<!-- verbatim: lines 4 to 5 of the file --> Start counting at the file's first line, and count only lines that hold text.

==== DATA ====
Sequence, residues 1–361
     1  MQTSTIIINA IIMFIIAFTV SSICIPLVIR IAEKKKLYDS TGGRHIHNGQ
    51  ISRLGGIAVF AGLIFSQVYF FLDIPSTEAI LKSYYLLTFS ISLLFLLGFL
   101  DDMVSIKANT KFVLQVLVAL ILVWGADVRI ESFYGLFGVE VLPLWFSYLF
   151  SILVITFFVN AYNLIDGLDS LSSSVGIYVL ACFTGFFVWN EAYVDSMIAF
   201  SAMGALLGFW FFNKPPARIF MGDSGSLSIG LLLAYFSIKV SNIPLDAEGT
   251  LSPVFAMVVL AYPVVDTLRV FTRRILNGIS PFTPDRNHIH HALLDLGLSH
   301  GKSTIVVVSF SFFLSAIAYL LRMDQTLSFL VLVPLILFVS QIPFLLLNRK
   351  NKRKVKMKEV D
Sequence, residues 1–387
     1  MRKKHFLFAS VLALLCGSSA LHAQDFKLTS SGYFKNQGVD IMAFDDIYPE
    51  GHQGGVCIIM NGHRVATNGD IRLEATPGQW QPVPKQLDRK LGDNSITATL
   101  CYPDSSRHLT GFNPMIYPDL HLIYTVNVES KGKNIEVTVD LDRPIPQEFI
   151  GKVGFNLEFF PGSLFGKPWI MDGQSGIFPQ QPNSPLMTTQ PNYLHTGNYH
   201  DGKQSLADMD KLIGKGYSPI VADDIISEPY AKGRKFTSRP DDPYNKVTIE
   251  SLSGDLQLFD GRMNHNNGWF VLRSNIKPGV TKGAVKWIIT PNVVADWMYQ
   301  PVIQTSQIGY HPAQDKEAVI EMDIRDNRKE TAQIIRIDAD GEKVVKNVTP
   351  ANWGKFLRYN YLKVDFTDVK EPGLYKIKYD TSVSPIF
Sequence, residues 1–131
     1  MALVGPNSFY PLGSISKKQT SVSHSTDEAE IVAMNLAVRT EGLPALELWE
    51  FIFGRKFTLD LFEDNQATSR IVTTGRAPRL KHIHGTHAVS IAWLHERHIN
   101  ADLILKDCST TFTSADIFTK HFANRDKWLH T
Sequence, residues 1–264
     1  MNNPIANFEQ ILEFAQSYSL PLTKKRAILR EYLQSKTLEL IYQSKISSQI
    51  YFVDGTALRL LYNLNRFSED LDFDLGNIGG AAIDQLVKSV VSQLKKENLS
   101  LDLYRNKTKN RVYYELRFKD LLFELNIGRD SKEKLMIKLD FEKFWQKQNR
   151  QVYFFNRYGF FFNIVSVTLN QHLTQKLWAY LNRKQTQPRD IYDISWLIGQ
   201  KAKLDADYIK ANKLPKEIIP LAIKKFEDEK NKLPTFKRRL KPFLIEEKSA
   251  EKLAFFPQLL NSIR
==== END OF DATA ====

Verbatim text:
   101  DDMVSIKANT KFVLQVLVAL ILVWGADVRI ESFYGLFGVE VLPLWFSYLF
   151  SILVITFFVN AYNLIDGLDS LSSSVGIYVL ACFTGFFVWN EAYVDSMIAF